A random sample of 3,192 potential respondents was drawn from those panel members that indicated in November 2010 that they drink alcohol (i.e., “did you have a drink containing alcohol over the last 12 months?”). These were invited for the first measurement (T1) regarding structure of everyday life and daily hassles in January 2011. Age, gender, and educational level (low = primary school/intermediate secondary education; intermediate = higher secondary education/preparatory university education/intermediate vocational education; high = higher vocational education/university) were known for all panel members. Of those invited, 2,861 responded (90% response rate) and were invited for the second measurement (T2) regarding alcohol consumption in April 2011. Of those invited for the second measurement, 2,440 responded (85% response rate). There was no selective dropout regarding gender (χ2(1, N = 2861) = .23, p = .64) and educational level (χ2(2, N = 2861) = .04, p = .98), but those that dropped out were younger (45 vs. 52 years, t(2859) = 8.98, p < .001).
Structure of everyday life
Partnership (either being married or cohabiting), parenthood (i.e., the existence of children in the household), and paid labour (either being employed or self-employed) were assessed by single items and used as indicators for structure of everyday life. All these indicators were dichotomized and the sum of these was used as an index (score 0–3) for the structure of everyday life (in line with previous studies) [9, 10, 14]. We also report when the direction of effect of any of the separate indicators for structure of everyday life differed from the direction of effect of the index score.
Stress related to daily hassles was assessed by the Survey of Recent Life Experiences . Participants had to indicate for eight time pressure related experiences (e.g., “not enough leisure time”; “too many things to do at once”) how much this was part of their life in the past three months. Answer categories were ‘not at all part of my life’, ‘only slightly part of my life’, ‘distinctly part of my life’, and ‘very much part of my life’ (possible range mean score 1–4, Cronbach’s α = .81).
Two measures of alcohol consumption, reflecting respectively quantity and frequency of drinking were assessed: (1) the number of drinks on the heaviest drinking day during the past week and (2) the number of drinking days in the past week (0–7). To increase validity, respondents were asked to report each type of beverage separately (e.g., strong beer, extra strong beer, strong drinks/liqueur, sherry/martini, wine and premixes). Also the type of serving was assessed (e.g., a regular glass, a pint, a small or large can, a small or large bottle). These drinks were converted into standard drinks based on the alcohol content in most on-premise locations in the Netherlands: a standard drink content of 10 grams alcohol .
Using Mplus 5 (Muthén & Muthén, Los Angeles, CA), a structural equation model was constructed to test the conceptual model. Maximum likelihood parameter estimates with standard errors that are robust to non-normality and non-independence of observations were used, since both measures of alcohol consumption were non-normally distributed. Daily hassles and alcohol consumption were included in the model as latent constructs. Alcohol consumption was regressed on structure of everyday life and daily hassles. Daily hassles was regressed on structure of everyday life. The model was age-adjusted to account for selective dropout and the strong correlation with position roles (r = −.46). The model was also education-adjusted because those higher educated are known to report more daily hassles in comparison with those lower educated .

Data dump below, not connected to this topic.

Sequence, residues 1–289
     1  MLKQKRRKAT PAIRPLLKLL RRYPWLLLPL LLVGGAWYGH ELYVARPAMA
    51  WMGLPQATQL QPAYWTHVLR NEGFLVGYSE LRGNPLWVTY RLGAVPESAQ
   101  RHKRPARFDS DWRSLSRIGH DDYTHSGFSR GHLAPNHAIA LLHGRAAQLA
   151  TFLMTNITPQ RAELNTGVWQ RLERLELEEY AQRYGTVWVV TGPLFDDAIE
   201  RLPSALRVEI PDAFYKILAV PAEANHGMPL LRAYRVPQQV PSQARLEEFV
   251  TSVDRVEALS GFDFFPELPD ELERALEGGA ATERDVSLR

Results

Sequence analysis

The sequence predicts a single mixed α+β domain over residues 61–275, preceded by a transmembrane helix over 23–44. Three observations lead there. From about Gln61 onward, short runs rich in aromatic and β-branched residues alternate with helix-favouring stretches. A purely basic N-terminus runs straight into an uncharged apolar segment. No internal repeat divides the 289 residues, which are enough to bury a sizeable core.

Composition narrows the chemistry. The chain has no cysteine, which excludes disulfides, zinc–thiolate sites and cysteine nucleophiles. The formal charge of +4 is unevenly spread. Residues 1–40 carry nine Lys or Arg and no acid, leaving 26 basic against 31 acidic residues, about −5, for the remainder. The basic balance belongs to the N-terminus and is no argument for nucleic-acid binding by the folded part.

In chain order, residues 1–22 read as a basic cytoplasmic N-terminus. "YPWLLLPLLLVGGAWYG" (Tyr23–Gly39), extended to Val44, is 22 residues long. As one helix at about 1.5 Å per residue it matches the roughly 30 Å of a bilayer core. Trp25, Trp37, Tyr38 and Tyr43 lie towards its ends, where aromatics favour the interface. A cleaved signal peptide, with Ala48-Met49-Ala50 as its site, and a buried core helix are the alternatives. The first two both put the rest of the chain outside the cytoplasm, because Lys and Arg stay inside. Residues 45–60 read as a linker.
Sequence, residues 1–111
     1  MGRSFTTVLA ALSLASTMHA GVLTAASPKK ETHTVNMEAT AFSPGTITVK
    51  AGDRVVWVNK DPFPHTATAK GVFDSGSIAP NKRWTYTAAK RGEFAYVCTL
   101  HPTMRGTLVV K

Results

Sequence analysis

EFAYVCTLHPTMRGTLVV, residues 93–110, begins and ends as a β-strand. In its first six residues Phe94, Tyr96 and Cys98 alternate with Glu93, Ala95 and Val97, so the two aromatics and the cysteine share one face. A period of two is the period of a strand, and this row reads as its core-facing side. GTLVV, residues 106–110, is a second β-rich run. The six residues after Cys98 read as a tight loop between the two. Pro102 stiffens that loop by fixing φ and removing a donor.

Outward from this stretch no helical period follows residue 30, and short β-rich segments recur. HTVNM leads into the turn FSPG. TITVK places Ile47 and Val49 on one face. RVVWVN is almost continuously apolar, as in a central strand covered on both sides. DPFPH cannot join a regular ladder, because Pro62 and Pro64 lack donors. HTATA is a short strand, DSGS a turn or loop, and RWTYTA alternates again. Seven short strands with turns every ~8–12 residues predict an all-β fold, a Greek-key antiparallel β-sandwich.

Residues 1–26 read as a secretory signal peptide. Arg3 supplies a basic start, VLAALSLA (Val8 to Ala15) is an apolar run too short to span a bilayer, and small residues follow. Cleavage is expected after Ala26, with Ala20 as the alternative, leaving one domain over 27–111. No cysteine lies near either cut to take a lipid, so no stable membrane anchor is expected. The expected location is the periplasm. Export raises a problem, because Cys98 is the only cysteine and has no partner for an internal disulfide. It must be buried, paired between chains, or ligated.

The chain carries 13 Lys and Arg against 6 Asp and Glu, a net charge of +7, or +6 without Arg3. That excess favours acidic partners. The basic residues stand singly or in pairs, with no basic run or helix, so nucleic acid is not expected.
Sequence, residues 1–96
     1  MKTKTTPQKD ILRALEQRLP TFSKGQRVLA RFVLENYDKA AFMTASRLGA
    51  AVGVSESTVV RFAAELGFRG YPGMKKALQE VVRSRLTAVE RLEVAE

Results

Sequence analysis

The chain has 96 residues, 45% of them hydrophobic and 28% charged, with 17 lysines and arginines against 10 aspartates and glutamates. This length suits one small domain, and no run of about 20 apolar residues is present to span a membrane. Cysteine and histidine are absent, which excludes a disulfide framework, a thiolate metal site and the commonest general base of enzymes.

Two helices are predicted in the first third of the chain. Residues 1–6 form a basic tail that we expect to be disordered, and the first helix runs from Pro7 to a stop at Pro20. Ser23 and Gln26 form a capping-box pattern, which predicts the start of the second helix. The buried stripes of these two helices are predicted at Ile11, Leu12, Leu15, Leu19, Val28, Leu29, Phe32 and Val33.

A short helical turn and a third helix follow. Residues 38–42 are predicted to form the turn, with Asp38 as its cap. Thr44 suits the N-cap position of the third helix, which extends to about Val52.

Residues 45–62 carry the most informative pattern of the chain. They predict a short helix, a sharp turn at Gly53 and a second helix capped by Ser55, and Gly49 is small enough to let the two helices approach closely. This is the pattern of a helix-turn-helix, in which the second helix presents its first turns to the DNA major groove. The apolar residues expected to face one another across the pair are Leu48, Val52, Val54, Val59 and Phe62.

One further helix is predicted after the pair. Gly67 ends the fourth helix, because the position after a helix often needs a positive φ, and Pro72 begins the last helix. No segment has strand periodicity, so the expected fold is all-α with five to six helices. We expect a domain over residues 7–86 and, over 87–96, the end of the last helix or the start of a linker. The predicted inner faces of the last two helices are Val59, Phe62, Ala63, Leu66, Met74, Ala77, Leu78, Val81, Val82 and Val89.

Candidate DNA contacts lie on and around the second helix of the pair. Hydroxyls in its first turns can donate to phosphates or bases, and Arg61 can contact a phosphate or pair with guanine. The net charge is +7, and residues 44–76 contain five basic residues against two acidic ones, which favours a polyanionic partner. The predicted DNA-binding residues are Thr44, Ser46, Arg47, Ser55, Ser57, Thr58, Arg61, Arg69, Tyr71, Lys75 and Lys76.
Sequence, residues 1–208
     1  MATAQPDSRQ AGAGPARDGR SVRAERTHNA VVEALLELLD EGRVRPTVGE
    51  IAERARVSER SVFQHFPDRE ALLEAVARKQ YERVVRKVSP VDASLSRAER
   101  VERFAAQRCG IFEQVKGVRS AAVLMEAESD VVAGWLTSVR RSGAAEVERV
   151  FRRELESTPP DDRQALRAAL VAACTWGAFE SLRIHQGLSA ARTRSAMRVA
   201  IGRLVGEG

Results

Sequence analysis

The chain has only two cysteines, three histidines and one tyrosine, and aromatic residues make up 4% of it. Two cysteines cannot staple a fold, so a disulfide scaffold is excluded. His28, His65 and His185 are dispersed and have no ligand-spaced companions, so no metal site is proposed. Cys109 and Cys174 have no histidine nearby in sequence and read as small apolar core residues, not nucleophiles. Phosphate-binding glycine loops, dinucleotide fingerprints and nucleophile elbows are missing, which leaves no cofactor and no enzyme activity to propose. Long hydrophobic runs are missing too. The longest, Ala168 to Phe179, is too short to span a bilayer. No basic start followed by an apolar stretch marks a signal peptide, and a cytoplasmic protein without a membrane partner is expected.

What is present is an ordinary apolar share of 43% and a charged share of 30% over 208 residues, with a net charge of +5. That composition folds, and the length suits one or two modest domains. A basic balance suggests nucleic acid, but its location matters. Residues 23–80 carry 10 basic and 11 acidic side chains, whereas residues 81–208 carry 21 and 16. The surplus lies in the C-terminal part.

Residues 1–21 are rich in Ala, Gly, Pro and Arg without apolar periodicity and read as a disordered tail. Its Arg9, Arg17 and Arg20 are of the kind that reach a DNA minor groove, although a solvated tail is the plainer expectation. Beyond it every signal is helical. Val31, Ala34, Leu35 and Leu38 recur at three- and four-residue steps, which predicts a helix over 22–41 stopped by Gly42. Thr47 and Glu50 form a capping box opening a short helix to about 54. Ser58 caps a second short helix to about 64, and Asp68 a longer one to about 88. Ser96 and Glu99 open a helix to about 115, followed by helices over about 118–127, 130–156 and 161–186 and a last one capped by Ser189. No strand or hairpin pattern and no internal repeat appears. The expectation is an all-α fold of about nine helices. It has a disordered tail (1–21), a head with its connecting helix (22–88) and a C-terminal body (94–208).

Sample characteristics ( N = 2440)
M = 52 (SD = 17)
Structure of everyday life
Daily hassles (1–4)
M = 1.6 (SD = 0.5)
Drinks on heaviest drinking day
M = 3.6 (SD = 4.0)
Drinking days (0–7)
M = 3.5 (SD = 2.4)
The results of this study are straightforward: Individuals with more structured lives tend to drink less. Daily hassles are not associated with alcohol consumption, neither positive nor negative. The lack of an association between daily hassles and alcohol consumption in this study confirms that tension reduction theories are overly broad . How could this lack of association between daily hassles and alcohol consumption be explained?
First, drinking alcohol is not the only behaviour triggered by daily hassles. The association between daily hassles and alcohol consumption could be stronger among people who believe that drinking alcohol is the only way to reduce tension. One study found no differences between alcoholics and non-alcoholics who were asked to assess level of stress associated with various scenarios combining life-change events or a social situation and an emotional state. However, despite the similarity in perception of stressfulness, non-alcoholics reported little stimulus to drink, whereas alcoholics perceived the more stressful scenarios as stimulating an urge to drink . Participants in the study at hand are, in contrast to alcoholics, likely to differ in terms of behaviours triggered by daily hassles. In other words, drinking alcohol might be behaviour less likely to be triggered by daily hassles among a general population sample in comparison with a sample consisting of alcoholics. This decreases the likelihood of finding an association between daily hassles and alcohol consumption in a general population study.